Every year, a large number of Americans come into direct dietary contact with E. coli, a bacterium that can easily make people sick when it is consumed, and can prove fatal for some of those victims. We should not be astonished to learn that this dietary contact takes place, considering that all of us, without exception, are in direct internal contact with E. coli on a daily basis. That is because every one of our bowel movements contains billions of E. coli bacteria. In turn, that is one reason — or perhaps billions of reasons — why it is so critical for people to thoroughly wash their hands after using the restroom, particularly for workers in the foodservice industries.
Escherichia coli, usually referred to by its abbreviated name, is a bacterium that has hundreds of strains, most of which are generally harmless to most healthy individuals. Countless such bacteria are found throughout the intestines of humans and cows, and spreads within both species in the same manner, namely, contamination through fecal matter. However, there is an especially virulent strain known as O157:H7, which is the culprit behind most life-threatening and publicized outbreaks in the United States, including the contaminated spinach that has killed and sickened numerous Americans during 2006.
Humans are easily able to prevent the spread of O157:H7 and its more benign cousins, through diligent hygienE. Cows, on the other hand (or hoof), do not have the intellectual capacity for thorough cleaning after a bowel movement — not unlike some of their less intelligent human counterparts. Moreover, the cows found in the typical commercial feedlot are not cleaned after they have made another "cow chip". Even worse, the tons of waste matter is usually poorly disposed of, if at all, in huge cesspools. This results in cows standing in the waste ankle-deep, and it splattering up, thus practically guaranteeing that E. coli will quickly spread among a herd that can number in the thousands. Such airborne bacteria can get onto udders and thereby into milk, as well as get into the cow's intestines and thereby onto meat as part of the slaughtering process. In addition, waste that is not composted can infect manure and thus the crops grown using that manure. It can also leach into the water system, which is one reason why environmentalists point to these huge feedlots as a major risk to the health of our potable water supplies.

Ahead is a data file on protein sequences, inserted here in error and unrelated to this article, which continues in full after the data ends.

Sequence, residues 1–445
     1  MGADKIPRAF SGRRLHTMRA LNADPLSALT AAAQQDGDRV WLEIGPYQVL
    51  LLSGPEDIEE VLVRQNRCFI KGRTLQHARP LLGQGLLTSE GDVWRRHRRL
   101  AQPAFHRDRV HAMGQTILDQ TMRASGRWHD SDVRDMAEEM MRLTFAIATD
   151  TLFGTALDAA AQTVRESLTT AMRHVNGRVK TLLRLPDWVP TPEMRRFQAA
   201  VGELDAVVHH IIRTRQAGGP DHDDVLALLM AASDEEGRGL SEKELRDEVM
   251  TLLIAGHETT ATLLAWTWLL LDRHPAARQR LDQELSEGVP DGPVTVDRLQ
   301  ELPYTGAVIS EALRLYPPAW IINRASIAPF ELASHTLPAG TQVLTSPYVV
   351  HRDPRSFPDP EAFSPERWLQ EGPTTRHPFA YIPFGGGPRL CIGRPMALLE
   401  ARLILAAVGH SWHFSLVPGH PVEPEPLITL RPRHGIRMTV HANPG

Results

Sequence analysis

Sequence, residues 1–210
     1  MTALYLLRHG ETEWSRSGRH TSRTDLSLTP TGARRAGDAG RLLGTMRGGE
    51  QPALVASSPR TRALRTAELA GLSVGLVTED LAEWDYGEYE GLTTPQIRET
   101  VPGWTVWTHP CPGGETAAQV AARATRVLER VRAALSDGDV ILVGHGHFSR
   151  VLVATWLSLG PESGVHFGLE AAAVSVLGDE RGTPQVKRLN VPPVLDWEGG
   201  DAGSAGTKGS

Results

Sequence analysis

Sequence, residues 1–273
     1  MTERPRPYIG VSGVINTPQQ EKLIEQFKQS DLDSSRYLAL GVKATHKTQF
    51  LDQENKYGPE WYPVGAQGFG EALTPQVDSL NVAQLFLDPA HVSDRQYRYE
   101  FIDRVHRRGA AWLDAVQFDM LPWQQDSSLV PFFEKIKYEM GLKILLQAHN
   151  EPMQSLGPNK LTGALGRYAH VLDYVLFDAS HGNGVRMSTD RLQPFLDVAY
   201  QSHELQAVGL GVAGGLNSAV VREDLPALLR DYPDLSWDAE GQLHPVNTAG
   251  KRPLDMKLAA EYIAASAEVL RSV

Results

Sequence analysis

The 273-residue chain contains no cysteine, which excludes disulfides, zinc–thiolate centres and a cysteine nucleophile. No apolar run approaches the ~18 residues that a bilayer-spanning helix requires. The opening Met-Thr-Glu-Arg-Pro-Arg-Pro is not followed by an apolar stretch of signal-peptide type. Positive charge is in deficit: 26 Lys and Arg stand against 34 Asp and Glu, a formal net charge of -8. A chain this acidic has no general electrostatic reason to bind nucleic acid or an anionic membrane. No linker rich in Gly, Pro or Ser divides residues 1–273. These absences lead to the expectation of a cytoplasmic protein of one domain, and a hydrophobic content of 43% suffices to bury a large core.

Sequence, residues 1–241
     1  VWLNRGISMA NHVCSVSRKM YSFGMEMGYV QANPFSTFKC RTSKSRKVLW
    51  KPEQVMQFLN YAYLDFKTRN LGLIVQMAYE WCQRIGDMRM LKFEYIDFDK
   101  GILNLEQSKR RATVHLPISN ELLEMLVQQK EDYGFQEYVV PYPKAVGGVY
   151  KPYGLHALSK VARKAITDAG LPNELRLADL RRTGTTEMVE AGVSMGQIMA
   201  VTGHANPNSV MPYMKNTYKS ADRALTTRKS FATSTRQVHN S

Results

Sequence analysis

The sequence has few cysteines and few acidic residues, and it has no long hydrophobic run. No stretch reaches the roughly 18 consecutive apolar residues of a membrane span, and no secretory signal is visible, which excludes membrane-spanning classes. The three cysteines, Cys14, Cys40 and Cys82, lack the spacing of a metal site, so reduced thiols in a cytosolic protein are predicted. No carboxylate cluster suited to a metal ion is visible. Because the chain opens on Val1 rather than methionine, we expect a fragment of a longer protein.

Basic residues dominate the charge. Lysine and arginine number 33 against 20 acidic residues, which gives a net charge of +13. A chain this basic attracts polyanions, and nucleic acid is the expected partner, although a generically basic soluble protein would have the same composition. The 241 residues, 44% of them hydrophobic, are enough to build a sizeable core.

Raising cattle using more environmentally responsible methods, would help to dramatically reduce the spread and impact of E. coli. Free-range cattle typically have lower levels of E. coli versus their counterparts locked into small and filthy pens, partly because the former have far less contact with each other's waste. Moreover, grass-fed cattle have lower levels of E. coli O157:H7 versus their corn-fed counterparts on huge feedlots, partly because the corn increases the acidity of their digestive juices, which promotes O157:H7.
Moving from the production phase to the consumption phase, ecologically sensibility offers further rewards. Some consumers may assume that organic foods would be higher in E. coli, including the more dangerous strains. But actually the opposite may be true, because the majority of organic farmers compost the manure, which kills most E. coli. In addition, certified organic farmers are not allowed to use raw manure for 90 days prior to the harvest of food intended for human consumption.
Most Americans eating hamburgers in fast food restaurants, may give little thought as to how the cheap beef used in producing those burgers can have the ultimate consequence of making the lettuce in the hamburger quite expensive from a health standpoint. Some people shoving those supersized time bombs into their mouths, may end up paying the ultimate price — further down the road, from cardiac disease, or much earlier, from E. coli. This illustrates how life at even the smallest scale can have a tremendous impact upon human life.